Adams also reappointed longstanding members of the board. Myrtle Avenue Revitalization Project Executive Director Meredith Philips Almeida has serve since at least 2014. Betty Feibusch has served since at least 2009. And Barbara Zahler-Gringer has served since 2008, according to her LinkedIn.

Cohen served as the vice chair for land use at CB 2, as well as on the transportation committee. The last two years, she received a certificate from the board for attending every meeting.

During the 2016 debate over DOT’s proposal for a two-way protected bike lane on Clinton Avenue, Cohen was repeatedly maligned by bike lane opponents for her outspoken support for safe bike infrastructure.

Cohen hopes that wasn’t the reason Cumbo didn’t reappoint her. “It’s a little difficult to believe that that’s what it was, but maybe — maybe someone made the complaint that I’m too one-sided, even though I park my car on the street just the same as everyone else,” she said. “There are a lot of people on the board, and there are a lot of people on the board who are outspoken. That shouldn’t be what stops us from giving back to the community in the way that we can.”

Cohen also serves on the board of StreetsPAC, which twice endorsed Cumbo’s opponent in primary elections for City Council District 35.

Term limits are often discussed as a potential avenue to refresh community board membership. But the impetus for term limits comes from members who’ve served for dozens of years, like Ann Pfoser Darby, the longtime Queens Community Board 4 member who spewed anti-immigrant bile at a transportation committee meeting last year.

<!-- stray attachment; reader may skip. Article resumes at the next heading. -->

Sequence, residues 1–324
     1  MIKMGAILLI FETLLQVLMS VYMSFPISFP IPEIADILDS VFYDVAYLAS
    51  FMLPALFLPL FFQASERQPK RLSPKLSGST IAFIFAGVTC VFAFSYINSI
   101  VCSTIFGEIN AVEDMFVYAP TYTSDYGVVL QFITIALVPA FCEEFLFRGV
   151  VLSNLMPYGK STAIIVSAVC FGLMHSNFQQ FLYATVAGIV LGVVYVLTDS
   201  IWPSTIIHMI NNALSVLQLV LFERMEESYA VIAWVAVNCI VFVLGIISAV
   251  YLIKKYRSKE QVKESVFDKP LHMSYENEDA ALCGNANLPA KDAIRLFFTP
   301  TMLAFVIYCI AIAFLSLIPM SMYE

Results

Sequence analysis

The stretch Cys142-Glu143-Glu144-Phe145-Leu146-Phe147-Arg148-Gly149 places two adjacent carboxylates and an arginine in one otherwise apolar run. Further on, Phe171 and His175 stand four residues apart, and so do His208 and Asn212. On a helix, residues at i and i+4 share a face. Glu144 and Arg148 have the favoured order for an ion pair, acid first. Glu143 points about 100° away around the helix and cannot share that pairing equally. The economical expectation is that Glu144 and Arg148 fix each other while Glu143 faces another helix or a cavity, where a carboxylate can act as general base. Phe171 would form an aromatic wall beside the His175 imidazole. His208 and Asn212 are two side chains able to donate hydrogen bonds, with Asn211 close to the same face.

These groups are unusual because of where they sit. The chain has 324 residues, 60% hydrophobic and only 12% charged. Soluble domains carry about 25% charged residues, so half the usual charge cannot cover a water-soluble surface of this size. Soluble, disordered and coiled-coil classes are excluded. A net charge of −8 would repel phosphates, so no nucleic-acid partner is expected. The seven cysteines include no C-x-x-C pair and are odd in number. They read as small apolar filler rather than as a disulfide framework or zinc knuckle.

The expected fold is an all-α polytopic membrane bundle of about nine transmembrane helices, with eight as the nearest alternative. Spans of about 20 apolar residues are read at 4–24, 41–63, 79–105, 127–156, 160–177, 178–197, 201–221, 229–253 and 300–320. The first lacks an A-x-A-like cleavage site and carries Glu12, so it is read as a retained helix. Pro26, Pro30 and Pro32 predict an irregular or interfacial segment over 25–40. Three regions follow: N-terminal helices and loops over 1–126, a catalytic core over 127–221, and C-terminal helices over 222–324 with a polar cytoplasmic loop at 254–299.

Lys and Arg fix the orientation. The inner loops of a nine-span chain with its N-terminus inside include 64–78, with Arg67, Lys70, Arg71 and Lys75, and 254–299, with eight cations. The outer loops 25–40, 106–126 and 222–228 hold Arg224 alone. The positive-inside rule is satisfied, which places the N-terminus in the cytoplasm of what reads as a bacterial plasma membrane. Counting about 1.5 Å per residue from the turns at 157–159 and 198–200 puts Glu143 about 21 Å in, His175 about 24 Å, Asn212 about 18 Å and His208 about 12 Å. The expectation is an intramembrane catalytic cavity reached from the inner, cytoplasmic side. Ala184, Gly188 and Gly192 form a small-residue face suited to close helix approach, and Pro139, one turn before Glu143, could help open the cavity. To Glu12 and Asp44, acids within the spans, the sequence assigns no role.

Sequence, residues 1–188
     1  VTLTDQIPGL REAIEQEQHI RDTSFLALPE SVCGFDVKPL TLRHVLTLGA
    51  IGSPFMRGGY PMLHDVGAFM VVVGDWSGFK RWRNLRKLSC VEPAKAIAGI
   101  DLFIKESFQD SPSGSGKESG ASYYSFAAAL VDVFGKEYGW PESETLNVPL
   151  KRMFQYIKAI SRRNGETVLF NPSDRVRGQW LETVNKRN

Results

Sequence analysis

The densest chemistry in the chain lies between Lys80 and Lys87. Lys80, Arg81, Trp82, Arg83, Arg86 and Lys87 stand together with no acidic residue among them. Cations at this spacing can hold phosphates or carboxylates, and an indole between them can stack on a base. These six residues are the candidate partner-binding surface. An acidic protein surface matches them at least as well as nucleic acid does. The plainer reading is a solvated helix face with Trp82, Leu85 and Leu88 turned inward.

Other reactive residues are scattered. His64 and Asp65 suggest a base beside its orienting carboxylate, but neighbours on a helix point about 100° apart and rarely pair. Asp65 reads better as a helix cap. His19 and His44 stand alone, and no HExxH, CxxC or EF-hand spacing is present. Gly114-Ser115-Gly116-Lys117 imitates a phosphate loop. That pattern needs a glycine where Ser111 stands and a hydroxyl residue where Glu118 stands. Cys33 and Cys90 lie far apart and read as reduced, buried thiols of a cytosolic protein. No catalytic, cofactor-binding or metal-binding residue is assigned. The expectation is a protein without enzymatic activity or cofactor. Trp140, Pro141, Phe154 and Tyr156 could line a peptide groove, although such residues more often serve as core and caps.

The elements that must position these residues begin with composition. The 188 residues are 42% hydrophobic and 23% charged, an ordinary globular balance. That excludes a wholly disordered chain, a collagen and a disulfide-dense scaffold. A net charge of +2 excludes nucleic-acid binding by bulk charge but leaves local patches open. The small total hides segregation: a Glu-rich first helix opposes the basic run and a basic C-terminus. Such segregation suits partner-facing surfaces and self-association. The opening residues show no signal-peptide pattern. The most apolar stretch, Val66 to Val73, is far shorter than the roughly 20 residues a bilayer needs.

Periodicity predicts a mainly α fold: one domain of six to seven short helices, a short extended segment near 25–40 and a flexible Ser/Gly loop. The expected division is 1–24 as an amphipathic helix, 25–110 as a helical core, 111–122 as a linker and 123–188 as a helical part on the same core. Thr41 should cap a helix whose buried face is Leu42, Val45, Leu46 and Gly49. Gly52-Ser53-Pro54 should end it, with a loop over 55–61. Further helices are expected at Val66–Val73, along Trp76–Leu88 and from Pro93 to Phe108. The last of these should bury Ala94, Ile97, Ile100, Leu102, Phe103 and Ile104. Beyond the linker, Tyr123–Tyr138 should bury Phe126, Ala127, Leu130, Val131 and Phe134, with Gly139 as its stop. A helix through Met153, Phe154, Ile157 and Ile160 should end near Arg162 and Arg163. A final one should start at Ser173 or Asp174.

Selectively booting an outspoken community board member after just three years isn’t a step toward reform. It’s a purge.

  • dave “paco” abraham

    Is it possible to FOIL a City Council member’s official emails with regards to CB appointments?

  • BrandonWC

    I was just thinking about that myself. My guess is that you couldn’t get anything from within her office but any external communication (with, say, members of the public, CB members, Adam’s office, etc.) should be fair game. You could also probably FOIL CB2’s records to see how long various members have served.

  • Reader

    Cumbo equates safe streets with gentrification and thinks she’s doing her district a favor by blocking things like bus lanes, bike lanes, and pedestrian plazas. Meanwhile, most of her constituents don’t drive and those that do tend to be wealthier on average. She would rather people suffer long, expensive commutes and be exposed to danger than tackle the complex problems of neighborhood affordability. Much easier to blame same streets advocates and kick them off of community boards, I suppose.